50. According to the Emergency Water and Sanitation Hygiene Group, one year after the Gaza war of 2014, which resulted in $34 million in damage to major water and sanitation infrastructure, some 120,000 Palestinians in the Gaza Strip, or 7 per cent of the population in the territory, are still not connected to the water network, while 23 per cent remain disconnected from the sewage system. As a result of the unrepaired war damages to wastewater facilities, untreated and partially treated wastewater is discharged into the environment, infiltrating and polluting the coastal aquifer, the sole freshwater source for the Gaza Strip, making 96 per cent of the water from the aquifer unfit for human consumption. According to the Office of the United Nations Special Coordinator for the Middle East Peace Process, the water installations operate at approximately 50 per cent capacity owing to energy shortages and maintenance challenges caused by shortages of parts as a result of the blockade. Some 65 per cent of the population receives several hours of water once every three or four days and 15 per cent receives water for six to eight hours every day.
United Nations Relief and Works Agency for Palestine Refugees in the Near East
51. UNRWA continued to provide extensive services and emergency assistance to over 5 million Palestine refugees in all its fields of operations in Jordan, Lebanon, the Syrian Arab Republic and the Occupied Palestinian Territory. While it endeavours to serve this community in accordance with its General Assembly mandate, UNRWA is confronted with the most severe financial crisis since its establishment in 1949, which is jeopardizing its ability to live up to core responsibilities in providing basic education, health care and relief and social services. Although donor responses to this crisis in August helped UNRWA to avert the shutdown or delayed opening of its schools in all fields of operation, the financial deficit continues to affect operations, requiring more substantive solutions to the chronic underfunding of the Agency.
52. One year after the Israeli military operations of July and August 2014, the devastating conflict continues to have severe implications for the work of UNRWA in the Gaza Strip. A total of 9,117 Palestine refugee homes were totally demolished and 138,391 damaged during the conflict. The level of destruction, coupled with the worsening socioeconomic situation of Gaza Strip residents in the context of the blockade, presents an extremely challenging environment for Palestine refugees in the Gaza Strip, severely affecting their well-being, socioeconomic conditions and future potential.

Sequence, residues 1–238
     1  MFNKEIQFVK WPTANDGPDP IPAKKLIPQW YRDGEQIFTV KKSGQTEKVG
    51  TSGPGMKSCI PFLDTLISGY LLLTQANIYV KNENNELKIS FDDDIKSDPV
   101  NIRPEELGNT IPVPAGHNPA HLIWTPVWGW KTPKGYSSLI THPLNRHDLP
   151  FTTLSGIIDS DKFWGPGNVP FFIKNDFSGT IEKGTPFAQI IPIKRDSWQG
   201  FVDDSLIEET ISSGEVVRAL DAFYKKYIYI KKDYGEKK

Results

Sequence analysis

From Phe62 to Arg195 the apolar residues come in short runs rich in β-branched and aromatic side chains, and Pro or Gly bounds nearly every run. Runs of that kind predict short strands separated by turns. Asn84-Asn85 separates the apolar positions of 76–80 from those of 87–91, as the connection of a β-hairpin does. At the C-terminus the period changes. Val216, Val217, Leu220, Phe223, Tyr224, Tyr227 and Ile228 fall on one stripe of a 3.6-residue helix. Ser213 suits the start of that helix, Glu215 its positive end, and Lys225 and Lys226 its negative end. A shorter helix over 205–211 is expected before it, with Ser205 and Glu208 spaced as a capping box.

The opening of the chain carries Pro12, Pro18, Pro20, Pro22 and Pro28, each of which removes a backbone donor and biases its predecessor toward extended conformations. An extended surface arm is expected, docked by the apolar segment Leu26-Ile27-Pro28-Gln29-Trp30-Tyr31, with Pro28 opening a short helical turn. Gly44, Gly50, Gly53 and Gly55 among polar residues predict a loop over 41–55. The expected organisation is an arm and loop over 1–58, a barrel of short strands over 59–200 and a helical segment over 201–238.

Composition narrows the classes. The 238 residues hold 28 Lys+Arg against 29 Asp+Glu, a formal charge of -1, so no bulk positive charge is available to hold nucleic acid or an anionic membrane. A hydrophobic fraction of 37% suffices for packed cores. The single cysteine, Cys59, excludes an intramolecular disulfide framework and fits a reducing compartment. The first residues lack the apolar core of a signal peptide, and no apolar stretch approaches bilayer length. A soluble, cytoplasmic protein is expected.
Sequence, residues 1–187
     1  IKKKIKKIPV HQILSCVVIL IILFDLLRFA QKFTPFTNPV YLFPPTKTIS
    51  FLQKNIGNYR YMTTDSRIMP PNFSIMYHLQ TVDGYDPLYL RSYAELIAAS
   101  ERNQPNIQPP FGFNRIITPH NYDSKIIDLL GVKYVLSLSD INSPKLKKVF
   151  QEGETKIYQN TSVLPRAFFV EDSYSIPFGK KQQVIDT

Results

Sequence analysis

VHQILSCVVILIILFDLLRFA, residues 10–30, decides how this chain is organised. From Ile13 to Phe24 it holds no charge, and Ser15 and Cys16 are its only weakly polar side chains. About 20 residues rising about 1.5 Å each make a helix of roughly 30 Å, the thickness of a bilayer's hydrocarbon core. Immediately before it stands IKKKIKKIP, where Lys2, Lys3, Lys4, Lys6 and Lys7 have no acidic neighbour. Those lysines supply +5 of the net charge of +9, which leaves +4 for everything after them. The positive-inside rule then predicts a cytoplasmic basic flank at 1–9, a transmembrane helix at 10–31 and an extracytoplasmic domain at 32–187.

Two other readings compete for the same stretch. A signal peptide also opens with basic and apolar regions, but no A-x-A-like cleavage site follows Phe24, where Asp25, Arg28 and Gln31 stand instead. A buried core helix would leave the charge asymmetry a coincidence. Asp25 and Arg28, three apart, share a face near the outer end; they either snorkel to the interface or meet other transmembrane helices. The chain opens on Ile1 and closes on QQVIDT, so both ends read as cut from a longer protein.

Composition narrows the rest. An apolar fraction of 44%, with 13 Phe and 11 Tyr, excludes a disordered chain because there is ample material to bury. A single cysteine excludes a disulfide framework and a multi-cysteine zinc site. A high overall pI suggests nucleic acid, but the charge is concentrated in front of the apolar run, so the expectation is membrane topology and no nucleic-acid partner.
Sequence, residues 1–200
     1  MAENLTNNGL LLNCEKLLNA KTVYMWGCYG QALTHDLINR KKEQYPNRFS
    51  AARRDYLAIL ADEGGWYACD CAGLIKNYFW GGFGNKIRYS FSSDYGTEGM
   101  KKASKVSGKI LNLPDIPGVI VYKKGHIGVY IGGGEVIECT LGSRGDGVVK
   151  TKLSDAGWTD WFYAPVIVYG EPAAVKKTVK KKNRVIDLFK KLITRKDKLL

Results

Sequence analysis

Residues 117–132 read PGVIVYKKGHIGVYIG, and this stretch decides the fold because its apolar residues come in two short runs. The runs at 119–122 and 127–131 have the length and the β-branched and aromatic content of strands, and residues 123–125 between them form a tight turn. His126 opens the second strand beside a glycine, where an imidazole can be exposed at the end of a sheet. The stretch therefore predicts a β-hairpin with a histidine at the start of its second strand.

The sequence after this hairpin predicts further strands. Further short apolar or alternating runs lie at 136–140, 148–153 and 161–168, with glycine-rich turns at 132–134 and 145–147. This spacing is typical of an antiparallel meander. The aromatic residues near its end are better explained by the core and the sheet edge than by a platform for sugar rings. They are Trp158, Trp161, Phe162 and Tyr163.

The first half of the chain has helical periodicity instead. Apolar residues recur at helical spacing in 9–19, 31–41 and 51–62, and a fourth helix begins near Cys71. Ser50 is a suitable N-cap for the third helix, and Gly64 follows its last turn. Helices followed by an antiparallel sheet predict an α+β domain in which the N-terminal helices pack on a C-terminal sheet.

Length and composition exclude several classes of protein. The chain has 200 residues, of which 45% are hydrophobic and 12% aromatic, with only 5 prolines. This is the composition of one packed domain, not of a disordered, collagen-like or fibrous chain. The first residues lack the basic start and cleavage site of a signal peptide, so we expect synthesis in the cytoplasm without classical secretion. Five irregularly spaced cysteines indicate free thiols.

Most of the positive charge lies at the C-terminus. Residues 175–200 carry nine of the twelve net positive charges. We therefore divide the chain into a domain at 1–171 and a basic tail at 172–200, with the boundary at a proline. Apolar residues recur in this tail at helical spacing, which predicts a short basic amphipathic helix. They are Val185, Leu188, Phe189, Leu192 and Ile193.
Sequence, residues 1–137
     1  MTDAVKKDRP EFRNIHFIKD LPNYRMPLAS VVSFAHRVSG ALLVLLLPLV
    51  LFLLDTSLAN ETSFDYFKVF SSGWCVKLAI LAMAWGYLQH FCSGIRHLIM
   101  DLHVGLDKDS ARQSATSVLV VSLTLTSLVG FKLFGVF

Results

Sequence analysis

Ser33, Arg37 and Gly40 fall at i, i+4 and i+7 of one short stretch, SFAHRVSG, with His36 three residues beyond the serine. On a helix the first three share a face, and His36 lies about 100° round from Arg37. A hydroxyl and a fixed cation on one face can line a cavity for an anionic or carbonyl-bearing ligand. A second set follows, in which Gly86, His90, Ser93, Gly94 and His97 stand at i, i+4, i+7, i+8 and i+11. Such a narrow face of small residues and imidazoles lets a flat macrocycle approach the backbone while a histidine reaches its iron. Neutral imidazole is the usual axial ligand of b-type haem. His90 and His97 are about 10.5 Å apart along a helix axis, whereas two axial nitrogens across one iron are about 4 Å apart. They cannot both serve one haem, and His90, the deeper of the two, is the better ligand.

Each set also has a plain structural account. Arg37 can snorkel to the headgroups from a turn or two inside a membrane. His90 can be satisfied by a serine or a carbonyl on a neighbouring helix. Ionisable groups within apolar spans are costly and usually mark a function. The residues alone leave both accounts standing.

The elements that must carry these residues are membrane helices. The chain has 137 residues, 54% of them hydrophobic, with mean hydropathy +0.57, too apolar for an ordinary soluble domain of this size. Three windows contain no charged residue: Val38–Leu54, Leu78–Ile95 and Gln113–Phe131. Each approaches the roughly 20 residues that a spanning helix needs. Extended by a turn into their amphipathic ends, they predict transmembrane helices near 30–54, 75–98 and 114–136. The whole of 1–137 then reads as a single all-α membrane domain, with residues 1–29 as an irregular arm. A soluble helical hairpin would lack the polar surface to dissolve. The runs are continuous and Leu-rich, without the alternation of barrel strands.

53. In the light of the escalating conflict in the Syrian Arab Republic, the Agency is particularly concerned about the more than 560,000 Palestine refugees who have lived in the country for decades, over 50 per cent of whom have now been displaced within the Syrian Arab Republic, with an additional 12 per cent forced to seek refuge in neighbouring countries. In Lebanon, UNRWA has registered 45,000 Palestine refugees from the Syrian Arab Republic, and 15,000 Palestine refugees in Jordan and some 1,000 in the Gaza Strip have approached UNRWA for assistance. In Egypt, 4,000 Palestine refugees are also reported to have come from the Syrian Arab Republic and large groups are found further afield. Inside the Syrian Arab Republic, some 65,000 Palestine refugees are in hard-to-reach areas, including Yarmouk camp on the outskirts of Damascus, which has witnessed a dramatic escalation of violence that continues to endanger the lives of 18,000 Palestine refugees and Syrian residents of the camp. Although it has had limited access since July 2013, in 2015, UNRWA was able to serve the vast majority (over 90 per cent) of the Palestine refugee population in the Syrian Arab Republic with regular humanitarian assistance and services. However, the access situation declined significantly during the summer of 2015, particularly in the Dera'a and Aleppo areas.